Life has thrown bartenders, other workers in non-standard bars a curveball

For 22 years, life for Ajikumar meant walking around in circles and straight lines inside a dimly lit hall with light music playing in the background, which was occasionally disrupted by the clanking of filled glasses, the breaking of empty bottles, and the intensity of customers’ verbal duels. With no retirement age specified for bartenders, he intended to keep moving from table to table to help strangers drown their sorrows or swim in celebration, as long as he ‘could walk.’

But on March 31, his walk came to a grinding halt while he was still in the prime of his life, as the State government decided not to renew the licences of non-standard bars. It was an unexpected jolt for his family of four as this was their only source of income.

Crisis

“The closure came without any warning, and so none of us knew how to tide over this crisis. If the government had told us at least a few months before, we would have tried finding an alternative for the time being, or even saved up a few thousands for the lean months. Next month, I have to remit the school fee for my two children,” says Ajikumar, who works in a bar at Ulloor in the city.

Bartenders used to earn an average of Rs.10,000 as salary plus a decent amount of tips. A common refrain among the bar workers that The Hindu talked to was that long years of doing this job had made them ‘unfit’ or even ‘unable’ to do any other work.

Breadwinners

“Look, most of us came into this as 20-year-olds to support our family. The work is such that even if we want to do something else, we might find it hard to fit in as there really is no other work of this nature. But don’t think that we are scared of physical exertion, as a busy day at the bar is almost as good as ploughing the field. Also, people perceive us as uneducated. But the fact is that most of us are even proficient in English. How else will be read out the brand names?” says Shobhanakumar, a bartender.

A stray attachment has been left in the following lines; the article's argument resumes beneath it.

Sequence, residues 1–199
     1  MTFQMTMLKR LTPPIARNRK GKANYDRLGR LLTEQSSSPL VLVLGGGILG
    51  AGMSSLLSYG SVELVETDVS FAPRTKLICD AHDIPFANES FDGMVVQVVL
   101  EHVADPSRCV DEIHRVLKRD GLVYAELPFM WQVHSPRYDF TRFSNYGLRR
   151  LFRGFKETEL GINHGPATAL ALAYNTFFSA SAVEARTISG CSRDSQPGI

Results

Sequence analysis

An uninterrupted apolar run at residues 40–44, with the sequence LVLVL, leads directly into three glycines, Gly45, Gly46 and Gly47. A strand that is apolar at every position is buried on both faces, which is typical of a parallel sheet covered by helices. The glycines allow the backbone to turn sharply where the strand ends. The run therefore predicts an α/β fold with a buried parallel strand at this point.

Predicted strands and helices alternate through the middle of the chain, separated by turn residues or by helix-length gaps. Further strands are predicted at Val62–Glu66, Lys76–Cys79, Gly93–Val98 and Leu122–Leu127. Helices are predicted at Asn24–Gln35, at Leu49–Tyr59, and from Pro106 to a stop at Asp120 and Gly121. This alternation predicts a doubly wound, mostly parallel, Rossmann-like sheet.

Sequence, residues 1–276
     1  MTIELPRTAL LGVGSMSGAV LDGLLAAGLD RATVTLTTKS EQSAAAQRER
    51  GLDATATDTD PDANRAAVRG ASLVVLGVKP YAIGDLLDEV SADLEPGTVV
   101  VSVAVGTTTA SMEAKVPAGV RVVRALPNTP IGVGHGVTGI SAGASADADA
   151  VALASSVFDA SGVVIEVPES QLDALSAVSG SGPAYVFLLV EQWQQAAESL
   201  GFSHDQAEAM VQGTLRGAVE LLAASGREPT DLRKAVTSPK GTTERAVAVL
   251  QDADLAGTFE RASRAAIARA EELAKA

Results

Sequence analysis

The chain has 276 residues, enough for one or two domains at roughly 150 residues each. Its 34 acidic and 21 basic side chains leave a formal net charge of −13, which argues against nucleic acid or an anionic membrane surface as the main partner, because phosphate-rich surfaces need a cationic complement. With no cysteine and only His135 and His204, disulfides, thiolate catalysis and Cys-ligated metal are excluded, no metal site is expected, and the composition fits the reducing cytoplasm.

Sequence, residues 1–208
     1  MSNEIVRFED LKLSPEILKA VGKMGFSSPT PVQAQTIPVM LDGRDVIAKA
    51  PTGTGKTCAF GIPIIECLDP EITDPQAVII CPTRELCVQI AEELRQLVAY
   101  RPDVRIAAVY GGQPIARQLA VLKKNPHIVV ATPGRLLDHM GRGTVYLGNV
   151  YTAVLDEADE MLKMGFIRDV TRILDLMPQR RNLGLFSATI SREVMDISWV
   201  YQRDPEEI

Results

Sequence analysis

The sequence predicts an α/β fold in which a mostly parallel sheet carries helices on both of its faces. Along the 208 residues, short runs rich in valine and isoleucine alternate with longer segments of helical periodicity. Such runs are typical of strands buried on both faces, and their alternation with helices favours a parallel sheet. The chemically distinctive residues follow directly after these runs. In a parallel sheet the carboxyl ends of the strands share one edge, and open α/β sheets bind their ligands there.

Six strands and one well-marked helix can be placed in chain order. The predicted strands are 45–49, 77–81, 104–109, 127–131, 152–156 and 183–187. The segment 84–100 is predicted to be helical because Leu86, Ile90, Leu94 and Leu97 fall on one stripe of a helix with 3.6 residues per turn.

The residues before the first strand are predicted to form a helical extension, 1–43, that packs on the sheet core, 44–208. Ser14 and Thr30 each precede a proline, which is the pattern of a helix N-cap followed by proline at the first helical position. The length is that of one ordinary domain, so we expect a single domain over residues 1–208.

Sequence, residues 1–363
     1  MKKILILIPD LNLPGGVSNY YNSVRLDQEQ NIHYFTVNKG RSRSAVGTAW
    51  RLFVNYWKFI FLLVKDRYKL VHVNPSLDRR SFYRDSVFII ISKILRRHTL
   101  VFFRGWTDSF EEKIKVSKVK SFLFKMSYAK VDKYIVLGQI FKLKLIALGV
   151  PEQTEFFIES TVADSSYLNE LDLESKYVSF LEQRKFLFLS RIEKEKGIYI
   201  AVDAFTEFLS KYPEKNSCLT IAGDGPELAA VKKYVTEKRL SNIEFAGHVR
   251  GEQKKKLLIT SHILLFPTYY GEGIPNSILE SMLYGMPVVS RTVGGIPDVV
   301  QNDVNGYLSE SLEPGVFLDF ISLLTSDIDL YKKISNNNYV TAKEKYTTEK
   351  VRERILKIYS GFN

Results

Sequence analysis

Till this unexpected closure, the bar workers were all unorganised and did not have a union of their own.

Now, they have formed an action council with the support of the Left parties and have organised protests in front of the Secretariat and the godowns of the Beverages Corporation (Bevco).

‘Suicides’

“Four bar workers have committed suicide across the State in the past one month. But the government is acting as if it has not seen our suffering. If it is so sincere on its stand against liquor, why not close down the Bevco outlets? It is the government’s responsibility to give us an alternative now that it has put an end to our livelihood. But the attempt has been to brand us as mouthpieces of the rich bar owners,” says K.P. Prathapan, a member of the action council.

It is a fallacy that only bartenders lost their livelihood owing to the closure of the bars, says Girish, manager of a two-star hotel in the city. Hundreds of people employed for allied work in a bar, including those into cleaning of dishes and tables, have been rendered jobless. These include women, he says.

Priamvada, a widow, was employed in a bar near Thampanoor for almost seven years. She used to earn at least Rs.50 a day in tips, besides getting a monthly salary of Rs.6,000.

“I am the only breadwinner and have to shoulder the responsibility of two daughters and mother-in-law. Schools are going to open; I am struggling to find means to pay their fees and other expenses,” she says.

Dire straits

She says another 10 women worked in the same bar and their situation was similar to hers.

Almost all bars run a restaurant, and some of the workers there were also displaced. Similarly, people running petty shops and wayside eateries near the bars and small hoteliers too affected. Security staff too have lost their jobs.

The odd one out, though, on the list of the affected is Satheesh, an artist who sits on the road near a bar at PMG.

“My clients were mostly the people leaving the bar, who were fascinated by the sketches displayed here and wanted similar portraits for themselves. There has been no business in the past one month,” says Satheesh.

Meanwhile, at the few ‘standard’ bars that got their licence renewed, the load on the bartenders has more than doubled.

Much of the clientele from the closed bars has been flocking to these expensive bars for the daily fix.